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Cray and SGI push upgrades to latest supers

Tickle me, Elmo

Internet Security Threat Report 2014

Calhoun, Itasca, Blade, and Elmo

The Minnesota Supercomputing Institute is located at the Minneapolis campus of the UofM, where four other clusters run. They call them Calhoun, Itasca, Blade, and Elmo. The university has been playing the field with server makers. Itacsca is comprised of 1,091 ProLiant BL280c G6 blade servers from Hewlett-Packard, linked up with a 20 Gb/sec InfiniBand network.

It was rated at 74.4 teraflops on the latest Top 500 rankings. Calhoun is a more modest Altix XE 1300 cluster with 256 nodes, also using InfiniBand as the backbone of the cluster, while Blade is made up of 307 PowerPC-based BladeCenter LS21 servers using a much slower 10 Gb/sec InfiniBand interconnect. Elmo is a bit of a toy, and is comprised of six Sun Fire X4600 fat nodes linked by a Gigabit Ethernet network.

The university has another campus in Rochester, where IBM's AS/400 labs are located and where it builds and tests the BlueGene massively parallel Linux supers. Rochester is also home of the Mayo Clinic, and the UofM campus there not surprisingly has very tight ties with IBM, which donated a BlueGene/P super to that facility. It is not clear how much oomph this machine has, but it is not enough to make the Top 500 rankings, which suggests it is not a big box.

For SGI to get a big Altix UV 1000 win at the home of the Golden Gophers is making a deal in extremely hostile territory. (As was the case with HP getting the Itasca cluster deal.) It is a wonder, in fact, that the university is not in line to get a Power7 cluster along the lines of the petaflops-class "Blue Waters" machine that the University of Illinois - a rival in the Big Ten college football league - will be installing later this year. (You can read all about the guts of Blue Waters here.)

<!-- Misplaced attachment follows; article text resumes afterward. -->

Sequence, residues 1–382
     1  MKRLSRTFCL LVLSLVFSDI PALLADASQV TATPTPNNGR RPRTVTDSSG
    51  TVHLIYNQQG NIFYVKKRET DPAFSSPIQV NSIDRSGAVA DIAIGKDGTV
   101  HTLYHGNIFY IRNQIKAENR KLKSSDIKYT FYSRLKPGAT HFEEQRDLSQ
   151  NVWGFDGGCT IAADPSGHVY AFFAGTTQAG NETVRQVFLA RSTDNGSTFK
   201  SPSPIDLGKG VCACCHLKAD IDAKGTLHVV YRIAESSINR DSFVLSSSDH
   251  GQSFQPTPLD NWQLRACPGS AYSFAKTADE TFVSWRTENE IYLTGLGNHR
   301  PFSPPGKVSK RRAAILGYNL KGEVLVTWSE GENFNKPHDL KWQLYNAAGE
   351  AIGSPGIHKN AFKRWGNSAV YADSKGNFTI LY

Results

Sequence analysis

The real question about Cray and SGI is this: just how much upgrade money is out there for it to chase among its largest customers?

In the June 2010 Top 500 rankings, Cray had 21 systems with a total of 4.78 petaflops. Not that this is likely, but let's have some fun. Let's say all of these customers decide to upgrade their systems, doubling capacity and moving to XE6 systems. The numbers are a little tough to figure, but it looks like Cray is peddling a petaflops of oomph on a Baker/Gemini box for about $45m. So just selling a new box to everyone in the Top 500 could net somewhere around $430m. There are lots of smaller XT6m and XE6m customers to peddle stuff to, for sure, but this might only be another couple of hundred million.

What about SGI? The company had only 17 machines on the current Top 500 list, for a total of 2.15 petaflops of oomph. However, only three of these boxes are based on NUMAlink interconnects and these boxes have only 175.5 teraflops of oomph all told. Selling upgrades to these customers, while a good idea, is not going to generate much dough. But new customers sure can. The box going into the University of Minnesota, which is effectively a greenfield installation for a shared memory super, and is rated at around 42 teraflops by El Reg's estimation. SGI needs to make a lot more of these deals to make money. Fourteen down, many dozens to go. It wouldn't hurt SGI's numbers any if one of the big US nuke labs ponied up some cash to push the Altix UV to its limits for a cool $100m or so. ®

Internet Security Threat Report 2014

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